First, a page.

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Distributed generation (DG) locates small-scale power generating units close to the load served. These small-scale generating units include traditional rotating machinery such as diesel generators and gas turbines as well as emerging technologies such as microturbines that produce 60-Hertz (Hz) alternating current (AC). Other emerging small-scale generating technologies include photovoltaics (PV) and fuel cells. Both PV and fuel cells produce direct current (DC) that is usually converted to AC to serve today’s building loads.
These DC power sources are very environmentally friendly and are becoming increasingly viable as the technologies advance, production costs decrease, and utility rates increase. As these technologies become more mainstream and an integral part of a building’s power supply strategy there may be a point where DC becomes the preferred distribution method. If DC power sources provide sufficient power to serve all or part of a building’s load there may be advantages to using DC to serve the entire building load or certain load classes such as lighting.
As noted above, it is common today to use an inverter to convert the DC from PV or fuel cells to 60 Hz AC to serve building loads through the existing distribution system or interconnect with the utility grid to sell excess power. At the load, AC is converted back to DC through switch-mode power supplies in electronic equipment or high-frequency pulsed DC in the case of ballasted lighting fixtures. Inverters and power supplies incorporated into many building loads could be eliminated or simplified using DC distribution. Today, there are DC incandescent, compact fluorescent and LED lamps available as well as DC ballasts that can be incorporated into standard fluorescent luminaires. DC lamps and ballasts are more expensive than standard AC lamps and ballasts because of limited demand. If demand increases in the future due to the use of DC distribution, the cost of DC lamps and ballasts would probably decrease.
Eliminating inverters and simplifying building load power supplies would increase the overall efficiency of the system because conversion losses would be eliminated using DC distribution. In addition, if batteries were used to store excess power from a PV installation for nighttime use, the stored DC power would not have to be converted back to AC to serve building loads. Also, if inverters could be eliminated and the cost of DC lighting and other equipment were comparable to AC equipment, the original installed cost of a PV or fuel cell system would be reduced. However, the cost reduction from the elimination of inverters might be offset by increased distribution system costs due to the need for higher ampacity equipment resulting from the use of lower DC voltages serving the same load. Additionally, if the building’s DC distribution system were to be supplemented or backed up by utility-supplied AC, there would need to be an inverter at the service to convert AC to DC which would also offset any savings resulting from the use of a DC distribution system and loads.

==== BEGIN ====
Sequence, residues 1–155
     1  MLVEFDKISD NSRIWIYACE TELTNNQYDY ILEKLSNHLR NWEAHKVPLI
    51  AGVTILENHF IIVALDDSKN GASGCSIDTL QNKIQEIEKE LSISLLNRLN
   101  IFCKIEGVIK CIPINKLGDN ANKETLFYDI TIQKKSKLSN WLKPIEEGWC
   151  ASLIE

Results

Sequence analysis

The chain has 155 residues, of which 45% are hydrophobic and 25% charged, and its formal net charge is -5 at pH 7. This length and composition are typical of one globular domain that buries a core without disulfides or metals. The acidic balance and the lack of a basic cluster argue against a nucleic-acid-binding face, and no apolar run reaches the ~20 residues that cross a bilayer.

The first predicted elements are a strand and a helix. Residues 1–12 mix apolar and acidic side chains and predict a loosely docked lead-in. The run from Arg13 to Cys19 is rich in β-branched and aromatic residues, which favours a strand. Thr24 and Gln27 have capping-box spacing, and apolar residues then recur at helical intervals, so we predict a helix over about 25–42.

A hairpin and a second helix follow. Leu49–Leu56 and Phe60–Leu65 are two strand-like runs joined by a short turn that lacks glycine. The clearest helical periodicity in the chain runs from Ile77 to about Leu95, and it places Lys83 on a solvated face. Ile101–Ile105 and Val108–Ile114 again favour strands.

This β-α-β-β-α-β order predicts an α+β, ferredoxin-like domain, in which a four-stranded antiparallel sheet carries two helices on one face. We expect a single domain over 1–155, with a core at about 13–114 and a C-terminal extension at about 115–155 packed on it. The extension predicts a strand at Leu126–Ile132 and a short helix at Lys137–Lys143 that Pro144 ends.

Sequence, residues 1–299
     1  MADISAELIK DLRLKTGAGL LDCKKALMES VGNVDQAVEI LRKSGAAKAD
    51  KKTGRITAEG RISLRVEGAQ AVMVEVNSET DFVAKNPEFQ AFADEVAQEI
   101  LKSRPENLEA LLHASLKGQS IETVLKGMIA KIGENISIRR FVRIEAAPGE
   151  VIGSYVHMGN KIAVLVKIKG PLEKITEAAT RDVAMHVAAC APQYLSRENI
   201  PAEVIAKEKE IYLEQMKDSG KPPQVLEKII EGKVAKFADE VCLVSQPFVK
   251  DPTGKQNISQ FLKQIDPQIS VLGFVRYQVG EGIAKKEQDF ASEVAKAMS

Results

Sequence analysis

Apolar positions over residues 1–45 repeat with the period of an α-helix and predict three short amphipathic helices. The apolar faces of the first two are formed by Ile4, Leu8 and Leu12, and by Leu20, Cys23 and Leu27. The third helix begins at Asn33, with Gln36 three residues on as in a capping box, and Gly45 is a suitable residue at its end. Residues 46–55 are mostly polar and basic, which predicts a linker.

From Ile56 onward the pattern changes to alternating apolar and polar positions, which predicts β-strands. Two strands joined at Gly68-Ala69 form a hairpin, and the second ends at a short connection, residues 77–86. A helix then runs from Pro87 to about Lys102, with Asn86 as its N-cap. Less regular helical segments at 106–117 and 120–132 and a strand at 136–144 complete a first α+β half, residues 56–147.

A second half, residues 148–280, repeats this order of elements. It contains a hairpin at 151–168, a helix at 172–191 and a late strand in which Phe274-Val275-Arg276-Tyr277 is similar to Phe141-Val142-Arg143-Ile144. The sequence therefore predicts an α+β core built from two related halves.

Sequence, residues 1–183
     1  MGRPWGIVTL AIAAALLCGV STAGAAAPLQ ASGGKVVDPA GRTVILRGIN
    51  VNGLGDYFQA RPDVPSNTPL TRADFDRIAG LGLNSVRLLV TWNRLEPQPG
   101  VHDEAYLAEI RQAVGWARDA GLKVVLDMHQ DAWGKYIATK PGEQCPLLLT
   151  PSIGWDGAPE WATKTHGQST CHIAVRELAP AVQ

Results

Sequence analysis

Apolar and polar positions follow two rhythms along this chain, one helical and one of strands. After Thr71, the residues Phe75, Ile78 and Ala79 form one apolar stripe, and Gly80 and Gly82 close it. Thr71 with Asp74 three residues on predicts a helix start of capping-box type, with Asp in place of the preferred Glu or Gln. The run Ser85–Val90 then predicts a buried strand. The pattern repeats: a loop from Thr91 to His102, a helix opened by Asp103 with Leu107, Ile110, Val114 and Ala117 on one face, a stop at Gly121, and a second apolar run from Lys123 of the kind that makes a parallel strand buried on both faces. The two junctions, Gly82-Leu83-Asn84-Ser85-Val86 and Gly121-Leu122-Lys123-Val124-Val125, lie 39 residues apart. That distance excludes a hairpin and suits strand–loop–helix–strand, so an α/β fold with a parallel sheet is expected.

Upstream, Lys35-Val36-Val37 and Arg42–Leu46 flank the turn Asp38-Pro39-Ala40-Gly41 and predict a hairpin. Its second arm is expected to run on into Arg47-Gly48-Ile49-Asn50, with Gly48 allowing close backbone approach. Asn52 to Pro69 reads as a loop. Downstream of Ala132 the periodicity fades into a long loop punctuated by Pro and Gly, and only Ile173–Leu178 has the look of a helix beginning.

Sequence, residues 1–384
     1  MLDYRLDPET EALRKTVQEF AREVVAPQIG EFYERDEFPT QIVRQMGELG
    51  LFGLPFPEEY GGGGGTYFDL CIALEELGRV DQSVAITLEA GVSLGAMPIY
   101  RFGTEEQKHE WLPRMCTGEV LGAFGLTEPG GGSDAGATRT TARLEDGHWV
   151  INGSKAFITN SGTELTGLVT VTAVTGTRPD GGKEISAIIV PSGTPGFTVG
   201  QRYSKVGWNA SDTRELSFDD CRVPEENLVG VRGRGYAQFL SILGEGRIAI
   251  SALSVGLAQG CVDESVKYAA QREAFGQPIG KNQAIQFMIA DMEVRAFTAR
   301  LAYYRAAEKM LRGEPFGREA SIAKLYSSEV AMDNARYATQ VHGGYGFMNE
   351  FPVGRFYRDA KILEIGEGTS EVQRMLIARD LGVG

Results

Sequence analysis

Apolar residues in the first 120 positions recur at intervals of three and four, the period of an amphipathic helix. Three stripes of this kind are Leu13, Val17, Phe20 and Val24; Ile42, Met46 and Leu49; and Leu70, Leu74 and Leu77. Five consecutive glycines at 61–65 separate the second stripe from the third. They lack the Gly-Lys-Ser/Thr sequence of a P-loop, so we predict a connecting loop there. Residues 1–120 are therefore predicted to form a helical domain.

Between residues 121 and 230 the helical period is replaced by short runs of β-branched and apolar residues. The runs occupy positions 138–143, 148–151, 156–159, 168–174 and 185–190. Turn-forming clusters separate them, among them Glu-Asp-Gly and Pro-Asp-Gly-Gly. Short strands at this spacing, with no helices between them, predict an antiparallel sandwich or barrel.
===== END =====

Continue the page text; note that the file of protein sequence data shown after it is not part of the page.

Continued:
In commercial buildings of any size, mechanical equipment loads are significant and in the foreseeable future, it won’t be feasible or economical for these loads to be powered by alternative DC power sources. These loads include chillers, fans, pumps, compressors and other motor-driven equipment. Induction motors need an AC power supply to operate or an inverter to convert from DC to AC. DC motors are more expensive and require more maintenance than standard squirrel-cage induction motors. Therefore, commercial buildings of any size will probably require an AC distribution system for mechanical equipment. It would only be feasible for residential and small commercial buildings that have very small mechanical equipment loads to power this equipment from a DC sources.
DC distribution would also improve power quality by eliminating harmonics caused by nonlinear loads. Nonlinear loads chop up the AC current waveform by conducting only during a portion of the voltage cycle. Common equipment that causes harmonics include electric discharge lighting and electronic equipment like personal computers that have switch-mode power supplies. Harmonics can cause overheating of electrical conductors and equipment that can result in premature insulation failure and nuisance tripping of overcurrent devices. DC distribution would eliminate harmonics because the need to convert AC to DC or pulsed DC at the load would be eliminated.
There exists the possibility of a shift from AC distribution systems today to the use of DC distribution in tomorrow’s buildings. If this shift occurs, it will probably be driven by the integration of emerging DC generating technologies into buildings that will power all or a significant portion of the building’s load. Also, contributing to this shift is the trend toward smaller and increasingly efficient electronic equipment as well as the replacement of mechanical devices with solid-state electronics that will result in reduced building loads and energy demand. DC building distribution may be a future trend for which to prepare.
GLAVINICH is an associate professor in the Department of Civil, Environmental and Architectural Engineering at The University of Kansas and is a frequent instructor for NECA’s Management Education Institute. He can be reached at 785.864.3435 or [email protected].
About The Author
Thomas E. Glavinich was an associate professor in the Department of Civil, Environmental and Architectural Engineering at the University of Kansas. His tenure as one of Electrical Contractor's most trusted and reliable source of industry research ended in 2014 when he passed away. Click here for more about Tom.